The Samuel Fabian-led team also showed excellent movement with the ball, launching quick counter-attacks with a barrage of long balls and through balls from the middle. Safe to say that Ghana’s control over the ball is just second to none. Here’s why. “Kids cannot afford to buy a football. So, they pluck oranges from places and tuck it into a sock or maybe put one sock after another to give it a ball-like shape. Once that is done, they juggle and practise various skills with it,” explains Osafo.
Ghana have two winners’ medals to its name, winning the 1991 and 1995 editions. But, this is the first time since 2007 that the team has made it to the main event. However, they missed out in the last edition due to the controversy surrounding one of their player's age during the AFCON. So, to make sure this never happens again, the Ghana Football Association has taken a different route to identify if or not the player is eligible to represent the nation without fraud.
“Education is very important. If you don’t go to school, you are not allowed to be a part of the U-17 team. We have the primary school from 6-12 years and then we have the junior high school from 12-15 and then senior high school from 15-18,” says Fabian before adding “There are three categories, one is the school system where we pick players from the school level. Then there is the original system, the national system and the last one is the academy. After the AFCON, we got the team together.”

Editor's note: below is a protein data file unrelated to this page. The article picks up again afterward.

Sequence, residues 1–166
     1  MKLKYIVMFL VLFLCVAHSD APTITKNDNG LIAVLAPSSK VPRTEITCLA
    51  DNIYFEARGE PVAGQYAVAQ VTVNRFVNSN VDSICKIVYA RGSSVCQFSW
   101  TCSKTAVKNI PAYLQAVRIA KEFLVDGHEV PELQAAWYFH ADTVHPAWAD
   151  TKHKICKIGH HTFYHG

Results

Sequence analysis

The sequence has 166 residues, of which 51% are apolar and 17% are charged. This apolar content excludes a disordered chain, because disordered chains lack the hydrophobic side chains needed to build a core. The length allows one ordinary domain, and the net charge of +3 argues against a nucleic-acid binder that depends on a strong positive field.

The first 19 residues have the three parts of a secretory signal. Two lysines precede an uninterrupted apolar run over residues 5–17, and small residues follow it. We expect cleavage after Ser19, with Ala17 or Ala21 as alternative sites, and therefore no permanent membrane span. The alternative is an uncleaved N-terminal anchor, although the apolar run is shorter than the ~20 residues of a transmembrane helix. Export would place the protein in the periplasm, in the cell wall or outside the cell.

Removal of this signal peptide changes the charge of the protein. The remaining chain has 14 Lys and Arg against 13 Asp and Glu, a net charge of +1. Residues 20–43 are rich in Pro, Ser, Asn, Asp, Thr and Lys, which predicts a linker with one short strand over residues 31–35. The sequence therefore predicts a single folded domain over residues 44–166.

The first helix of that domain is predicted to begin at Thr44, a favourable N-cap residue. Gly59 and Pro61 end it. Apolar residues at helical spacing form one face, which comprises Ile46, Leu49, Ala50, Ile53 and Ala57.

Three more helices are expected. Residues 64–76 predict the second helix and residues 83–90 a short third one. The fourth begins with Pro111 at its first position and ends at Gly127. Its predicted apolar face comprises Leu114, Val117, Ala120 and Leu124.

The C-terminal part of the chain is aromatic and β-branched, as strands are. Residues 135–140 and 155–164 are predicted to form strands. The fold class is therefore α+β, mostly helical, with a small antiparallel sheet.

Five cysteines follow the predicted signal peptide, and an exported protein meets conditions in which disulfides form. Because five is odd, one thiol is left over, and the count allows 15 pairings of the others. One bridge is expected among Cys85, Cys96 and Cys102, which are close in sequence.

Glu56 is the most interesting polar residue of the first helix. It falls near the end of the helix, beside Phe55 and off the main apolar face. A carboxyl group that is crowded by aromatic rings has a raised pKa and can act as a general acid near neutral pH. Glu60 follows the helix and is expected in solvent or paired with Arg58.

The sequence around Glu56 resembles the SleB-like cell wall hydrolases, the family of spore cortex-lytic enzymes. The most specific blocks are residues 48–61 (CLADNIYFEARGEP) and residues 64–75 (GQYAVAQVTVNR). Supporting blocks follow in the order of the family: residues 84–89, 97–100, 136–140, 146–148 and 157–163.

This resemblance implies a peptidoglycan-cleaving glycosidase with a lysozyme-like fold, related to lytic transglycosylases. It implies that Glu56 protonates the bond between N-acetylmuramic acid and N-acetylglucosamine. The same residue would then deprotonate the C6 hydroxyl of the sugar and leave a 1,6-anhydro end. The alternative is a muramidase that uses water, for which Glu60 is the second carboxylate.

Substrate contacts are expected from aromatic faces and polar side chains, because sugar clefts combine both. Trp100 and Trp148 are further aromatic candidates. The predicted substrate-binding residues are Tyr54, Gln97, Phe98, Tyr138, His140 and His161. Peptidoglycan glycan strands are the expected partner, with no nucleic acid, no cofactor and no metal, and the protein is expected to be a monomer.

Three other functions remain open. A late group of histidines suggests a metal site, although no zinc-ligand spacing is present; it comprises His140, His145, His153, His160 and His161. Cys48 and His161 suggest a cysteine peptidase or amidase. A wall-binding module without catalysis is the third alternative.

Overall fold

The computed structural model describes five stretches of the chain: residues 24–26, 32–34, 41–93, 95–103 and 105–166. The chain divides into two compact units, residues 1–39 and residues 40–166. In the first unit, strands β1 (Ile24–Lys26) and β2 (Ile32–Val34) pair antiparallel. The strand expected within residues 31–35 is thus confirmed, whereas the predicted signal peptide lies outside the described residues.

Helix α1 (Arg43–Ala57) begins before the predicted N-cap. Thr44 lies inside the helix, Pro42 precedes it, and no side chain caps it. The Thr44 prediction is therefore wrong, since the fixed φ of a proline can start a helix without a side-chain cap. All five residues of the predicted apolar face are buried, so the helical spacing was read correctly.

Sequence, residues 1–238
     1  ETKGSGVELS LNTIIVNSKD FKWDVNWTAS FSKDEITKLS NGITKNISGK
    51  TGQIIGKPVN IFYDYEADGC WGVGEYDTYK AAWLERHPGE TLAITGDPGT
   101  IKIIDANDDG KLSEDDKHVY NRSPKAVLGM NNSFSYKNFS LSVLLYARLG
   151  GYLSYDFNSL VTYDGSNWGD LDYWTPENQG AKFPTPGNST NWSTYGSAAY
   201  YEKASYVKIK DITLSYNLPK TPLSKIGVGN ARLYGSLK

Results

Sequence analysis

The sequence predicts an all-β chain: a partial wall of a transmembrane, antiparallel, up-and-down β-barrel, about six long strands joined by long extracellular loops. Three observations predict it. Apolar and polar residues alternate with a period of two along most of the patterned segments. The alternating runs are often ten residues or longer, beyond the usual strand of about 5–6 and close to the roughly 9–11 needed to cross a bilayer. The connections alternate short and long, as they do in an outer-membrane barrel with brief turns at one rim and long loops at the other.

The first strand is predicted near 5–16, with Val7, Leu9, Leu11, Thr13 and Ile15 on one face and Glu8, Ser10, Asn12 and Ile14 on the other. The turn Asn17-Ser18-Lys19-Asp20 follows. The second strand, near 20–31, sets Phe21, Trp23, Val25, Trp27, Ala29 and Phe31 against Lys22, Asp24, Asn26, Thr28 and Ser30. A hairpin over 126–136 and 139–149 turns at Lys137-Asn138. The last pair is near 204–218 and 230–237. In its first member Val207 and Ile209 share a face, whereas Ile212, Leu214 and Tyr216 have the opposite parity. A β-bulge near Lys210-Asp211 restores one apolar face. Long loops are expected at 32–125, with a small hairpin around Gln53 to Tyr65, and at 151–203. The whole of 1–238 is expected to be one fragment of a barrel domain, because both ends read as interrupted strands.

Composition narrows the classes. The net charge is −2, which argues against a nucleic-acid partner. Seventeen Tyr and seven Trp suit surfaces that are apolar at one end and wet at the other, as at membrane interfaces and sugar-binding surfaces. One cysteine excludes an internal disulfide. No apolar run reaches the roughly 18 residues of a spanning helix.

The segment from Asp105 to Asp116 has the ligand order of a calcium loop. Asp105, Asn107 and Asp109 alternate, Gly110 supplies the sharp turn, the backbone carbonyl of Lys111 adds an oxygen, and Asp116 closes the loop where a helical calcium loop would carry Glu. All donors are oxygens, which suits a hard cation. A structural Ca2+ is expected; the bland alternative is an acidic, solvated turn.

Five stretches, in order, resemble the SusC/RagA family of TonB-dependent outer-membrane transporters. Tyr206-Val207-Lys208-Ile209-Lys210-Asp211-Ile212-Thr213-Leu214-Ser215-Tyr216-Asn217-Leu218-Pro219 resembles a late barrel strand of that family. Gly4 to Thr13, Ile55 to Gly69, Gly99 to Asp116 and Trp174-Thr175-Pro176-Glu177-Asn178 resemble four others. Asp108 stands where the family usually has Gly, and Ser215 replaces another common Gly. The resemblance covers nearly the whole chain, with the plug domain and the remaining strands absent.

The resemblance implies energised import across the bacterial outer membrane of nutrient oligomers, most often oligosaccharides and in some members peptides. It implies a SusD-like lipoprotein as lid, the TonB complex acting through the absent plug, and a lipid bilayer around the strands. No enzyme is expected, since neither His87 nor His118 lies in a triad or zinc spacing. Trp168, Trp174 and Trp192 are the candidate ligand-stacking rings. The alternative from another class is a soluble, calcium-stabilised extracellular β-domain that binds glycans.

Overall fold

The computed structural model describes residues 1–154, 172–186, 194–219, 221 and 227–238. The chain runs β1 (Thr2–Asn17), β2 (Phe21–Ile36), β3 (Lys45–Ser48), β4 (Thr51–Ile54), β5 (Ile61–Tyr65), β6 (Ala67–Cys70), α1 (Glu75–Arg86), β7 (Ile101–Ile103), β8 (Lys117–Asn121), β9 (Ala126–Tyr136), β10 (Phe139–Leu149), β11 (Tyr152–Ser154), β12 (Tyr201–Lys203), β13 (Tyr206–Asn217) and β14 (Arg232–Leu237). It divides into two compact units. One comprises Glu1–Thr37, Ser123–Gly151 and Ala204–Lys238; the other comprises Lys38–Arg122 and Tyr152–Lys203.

One of the major problems that have hit African teenagers is the attractiveness of the scouts from footballing powerhouses. Kids believe a move to Europe would be an escape route for them. But what if things don’t go according to the plan? “Football is a way out of poverty. There is a lot of potential in this team but the problem with our country is that scouts come and pick them early and send them outside. Some of them don’t get a good team to play with,” said Ghana coach Fabian.
It is learnt that most players in the U-17 team come from a humble background. Some parents have jobs, while unfortunately, some of them are jobless. “It is difficult to convince parents to send their children to play football. The parents think that a career in football won’t be the right move. We have seen a lot of them who come from a poor background but now they are doing well just because of the game,” said Fabian.
The Black Starlets’ will lock horns with a familiar face in Mali in the quarter-finals. The duo recently met in the final of the U-17 AFCON, where Ghana lost by a narrow 1-0 margin. However, the ever-dancing bunch would want to keep grooving till the end of the tournament.